Theobald Böhm, photograph by Franz Hanfstaengl, ca. 1852.
Theobald Böhm (or Boehm) (April 9, 1794 – November 27, 1881) was a German inventor and musician, who perfected the modern Western concert flute and its improved fingering system (now known as the "Boehm system"). He was a Bavarian court musician, a virtuoso flautist, and a celebrated composer for the flute.
Born in Munich in Bavaria, Boehm learned his father's trade of goldsmithing. After making his own flute, he quickly became proficient enough to play in an orchestra at the age of eighteen and at twenty-one he was first flautist in the Royal Bavarian Orchestra. Meanwhile, he experimented with constructing flutes out of many different materials—tropical hardwoods (usually Grenadilla wood), silver, gold, nickel and copper—and with changing the positions of the flute's tone holes.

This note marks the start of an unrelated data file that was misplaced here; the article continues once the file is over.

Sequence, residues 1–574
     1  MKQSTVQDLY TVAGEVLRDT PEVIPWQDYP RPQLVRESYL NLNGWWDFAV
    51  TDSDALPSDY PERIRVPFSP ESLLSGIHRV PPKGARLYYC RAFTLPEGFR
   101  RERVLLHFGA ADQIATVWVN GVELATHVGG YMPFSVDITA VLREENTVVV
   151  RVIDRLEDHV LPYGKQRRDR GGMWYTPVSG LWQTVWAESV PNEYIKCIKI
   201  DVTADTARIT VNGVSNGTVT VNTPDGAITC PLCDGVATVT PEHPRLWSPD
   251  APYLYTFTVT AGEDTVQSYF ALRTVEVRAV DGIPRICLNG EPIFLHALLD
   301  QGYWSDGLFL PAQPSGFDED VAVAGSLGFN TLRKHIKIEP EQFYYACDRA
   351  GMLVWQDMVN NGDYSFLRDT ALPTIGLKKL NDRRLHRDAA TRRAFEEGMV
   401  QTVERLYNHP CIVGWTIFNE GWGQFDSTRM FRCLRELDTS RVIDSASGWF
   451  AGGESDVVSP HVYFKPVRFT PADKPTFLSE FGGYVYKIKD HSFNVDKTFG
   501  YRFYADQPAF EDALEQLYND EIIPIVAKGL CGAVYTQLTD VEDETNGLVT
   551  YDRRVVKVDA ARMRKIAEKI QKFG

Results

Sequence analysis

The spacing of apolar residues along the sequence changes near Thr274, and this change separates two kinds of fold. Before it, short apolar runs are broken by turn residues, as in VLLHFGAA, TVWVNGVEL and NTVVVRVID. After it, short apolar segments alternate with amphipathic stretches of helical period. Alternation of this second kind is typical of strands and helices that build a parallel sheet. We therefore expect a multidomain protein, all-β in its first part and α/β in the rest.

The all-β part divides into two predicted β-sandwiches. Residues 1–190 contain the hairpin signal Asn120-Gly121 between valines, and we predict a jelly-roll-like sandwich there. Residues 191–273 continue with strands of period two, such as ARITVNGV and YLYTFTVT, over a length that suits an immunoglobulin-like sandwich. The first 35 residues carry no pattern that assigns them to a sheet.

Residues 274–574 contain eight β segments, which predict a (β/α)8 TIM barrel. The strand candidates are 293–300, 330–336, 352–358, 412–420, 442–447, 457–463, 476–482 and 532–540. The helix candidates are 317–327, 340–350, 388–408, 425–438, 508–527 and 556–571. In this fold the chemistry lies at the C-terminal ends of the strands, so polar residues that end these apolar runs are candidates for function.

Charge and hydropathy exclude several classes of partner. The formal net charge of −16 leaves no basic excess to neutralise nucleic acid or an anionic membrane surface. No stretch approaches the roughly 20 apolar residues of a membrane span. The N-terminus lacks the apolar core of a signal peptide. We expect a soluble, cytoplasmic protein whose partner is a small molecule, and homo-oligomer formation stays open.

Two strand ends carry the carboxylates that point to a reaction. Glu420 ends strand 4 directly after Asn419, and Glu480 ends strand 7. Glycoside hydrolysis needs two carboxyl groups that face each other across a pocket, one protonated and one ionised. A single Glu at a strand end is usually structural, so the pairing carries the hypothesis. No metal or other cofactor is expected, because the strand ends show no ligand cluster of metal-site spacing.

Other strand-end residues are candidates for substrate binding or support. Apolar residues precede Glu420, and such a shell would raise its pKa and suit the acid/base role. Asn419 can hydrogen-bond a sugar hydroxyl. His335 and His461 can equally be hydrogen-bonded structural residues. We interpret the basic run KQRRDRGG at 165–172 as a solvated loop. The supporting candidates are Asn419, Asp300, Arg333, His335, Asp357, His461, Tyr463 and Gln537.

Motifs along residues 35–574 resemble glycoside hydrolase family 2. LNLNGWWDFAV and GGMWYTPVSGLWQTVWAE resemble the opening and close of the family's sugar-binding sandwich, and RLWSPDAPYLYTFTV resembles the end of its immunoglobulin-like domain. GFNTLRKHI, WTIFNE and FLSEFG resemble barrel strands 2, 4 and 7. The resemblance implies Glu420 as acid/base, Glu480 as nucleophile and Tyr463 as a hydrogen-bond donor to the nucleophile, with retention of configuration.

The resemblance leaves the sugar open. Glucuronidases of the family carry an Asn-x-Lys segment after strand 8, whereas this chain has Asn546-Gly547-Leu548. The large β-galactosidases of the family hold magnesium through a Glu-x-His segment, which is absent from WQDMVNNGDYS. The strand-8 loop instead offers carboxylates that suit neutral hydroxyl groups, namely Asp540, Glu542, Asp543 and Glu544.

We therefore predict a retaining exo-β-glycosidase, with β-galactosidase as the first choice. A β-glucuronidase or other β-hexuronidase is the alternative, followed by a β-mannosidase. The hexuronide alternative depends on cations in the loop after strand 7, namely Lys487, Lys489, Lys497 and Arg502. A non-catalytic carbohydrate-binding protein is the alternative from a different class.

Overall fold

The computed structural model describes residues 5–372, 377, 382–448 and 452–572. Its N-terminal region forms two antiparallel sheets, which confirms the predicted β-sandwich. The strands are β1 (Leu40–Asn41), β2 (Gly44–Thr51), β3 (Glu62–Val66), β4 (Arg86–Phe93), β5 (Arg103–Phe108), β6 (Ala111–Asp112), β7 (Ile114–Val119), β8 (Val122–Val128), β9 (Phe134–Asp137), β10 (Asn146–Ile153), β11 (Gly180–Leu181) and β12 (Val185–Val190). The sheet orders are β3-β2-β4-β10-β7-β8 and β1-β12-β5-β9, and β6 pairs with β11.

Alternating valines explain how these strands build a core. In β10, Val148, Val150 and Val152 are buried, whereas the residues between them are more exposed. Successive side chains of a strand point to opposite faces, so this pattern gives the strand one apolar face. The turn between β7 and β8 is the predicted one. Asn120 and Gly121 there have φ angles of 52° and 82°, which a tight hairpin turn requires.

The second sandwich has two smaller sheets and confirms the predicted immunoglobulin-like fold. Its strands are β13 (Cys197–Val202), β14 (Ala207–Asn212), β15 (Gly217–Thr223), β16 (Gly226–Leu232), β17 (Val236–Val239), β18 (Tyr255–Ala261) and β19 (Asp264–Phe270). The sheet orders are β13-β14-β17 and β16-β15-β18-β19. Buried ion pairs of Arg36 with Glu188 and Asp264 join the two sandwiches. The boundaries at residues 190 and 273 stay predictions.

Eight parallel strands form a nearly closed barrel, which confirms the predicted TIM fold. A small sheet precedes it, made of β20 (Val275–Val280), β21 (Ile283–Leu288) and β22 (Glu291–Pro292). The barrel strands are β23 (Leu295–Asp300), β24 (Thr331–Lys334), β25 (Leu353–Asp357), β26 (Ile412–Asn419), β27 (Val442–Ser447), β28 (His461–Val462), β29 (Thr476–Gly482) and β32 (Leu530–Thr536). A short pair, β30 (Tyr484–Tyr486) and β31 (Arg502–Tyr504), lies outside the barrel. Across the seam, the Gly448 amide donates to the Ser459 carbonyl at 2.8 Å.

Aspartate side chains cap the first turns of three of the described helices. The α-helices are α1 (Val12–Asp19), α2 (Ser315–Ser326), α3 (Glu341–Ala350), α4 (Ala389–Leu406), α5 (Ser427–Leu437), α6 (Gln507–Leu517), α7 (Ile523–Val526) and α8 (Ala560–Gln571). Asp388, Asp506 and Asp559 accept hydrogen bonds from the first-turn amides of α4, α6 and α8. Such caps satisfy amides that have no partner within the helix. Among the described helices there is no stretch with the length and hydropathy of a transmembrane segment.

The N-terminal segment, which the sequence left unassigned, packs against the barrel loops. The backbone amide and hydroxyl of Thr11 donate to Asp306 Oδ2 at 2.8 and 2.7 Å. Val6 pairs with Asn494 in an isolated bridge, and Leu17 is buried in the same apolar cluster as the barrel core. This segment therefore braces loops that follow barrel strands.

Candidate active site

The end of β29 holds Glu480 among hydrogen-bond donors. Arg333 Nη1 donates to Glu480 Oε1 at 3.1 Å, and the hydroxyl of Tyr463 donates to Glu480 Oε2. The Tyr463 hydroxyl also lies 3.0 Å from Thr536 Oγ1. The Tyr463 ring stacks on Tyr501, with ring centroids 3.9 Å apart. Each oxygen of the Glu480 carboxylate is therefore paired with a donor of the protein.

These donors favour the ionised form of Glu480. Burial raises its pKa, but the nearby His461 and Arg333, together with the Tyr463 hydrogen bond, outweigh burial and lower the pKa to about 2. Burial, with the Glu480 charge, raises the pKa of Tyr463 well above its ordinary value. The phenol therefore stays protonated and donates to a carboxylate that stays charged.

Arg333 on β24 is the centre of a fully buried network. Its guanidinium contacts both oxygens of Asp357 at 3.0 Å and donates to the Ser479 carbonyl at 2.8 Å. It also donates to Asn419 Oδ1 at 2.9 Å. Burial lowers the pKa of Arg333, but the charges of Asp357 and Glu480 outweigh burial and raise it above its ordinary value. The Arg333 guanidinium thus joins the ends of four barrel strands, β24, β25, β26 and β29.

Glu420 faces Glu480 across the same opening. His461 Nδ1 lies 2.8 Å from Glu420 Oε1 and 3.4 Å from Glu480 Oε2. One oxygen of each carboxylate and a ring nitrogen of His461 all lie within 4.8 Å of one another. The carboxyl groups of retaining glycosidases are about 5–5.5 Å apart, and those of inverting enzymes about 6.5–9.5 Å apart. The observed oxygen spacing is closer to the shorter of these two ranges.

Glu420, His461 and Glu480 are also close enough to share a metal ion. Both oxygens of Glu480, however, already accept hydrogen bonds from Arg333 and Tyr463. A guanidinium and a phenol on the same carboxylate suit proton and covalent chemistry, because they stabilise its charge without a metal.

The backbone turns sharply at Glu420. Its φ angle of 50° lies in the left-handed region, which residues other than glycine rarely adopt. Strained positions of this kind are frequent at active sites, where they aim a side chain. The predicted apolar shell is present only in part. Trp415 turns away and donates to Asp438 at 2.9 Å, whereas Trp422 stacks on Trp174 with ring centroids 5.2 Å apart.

After studying acoustics at the University of Munich, he began experimenting on improving the flute in 1832, first patenting his new fingering system in 1847. He published Über den Flötenbau ("On the construction of flutes"), also in 1847. His new flute was first displayed in 1851 at the London Exhibition. In 1871 Boehm published Die Flöte und das Flötenspiel ("The Flute and Flute-Playing"), a treatise on the acoustical, technical and artistic characteristics of the Boehm system flute. Some of the flutes he made still function. His fingering system has also been adapted to other instruments, such as the oboe and the clarinet.
See also 
- ^ a b c Böhm, Theobald; Dayton Clarence Miller (1964). The flute and flute-playing in acoustical, technical, and artistic aspects. Dover Publications.
- ^ a b c Philip Bate/Ludwig Böhm, Boehm, Theobald in The New Grove Dictionary of Music and Musicians edited by Stanley Sadie, volume 3, pages 777 - 778
- ^ Welch, Christopher (1883). History of the Boehm flute. London: Rudall, Carte & Co.
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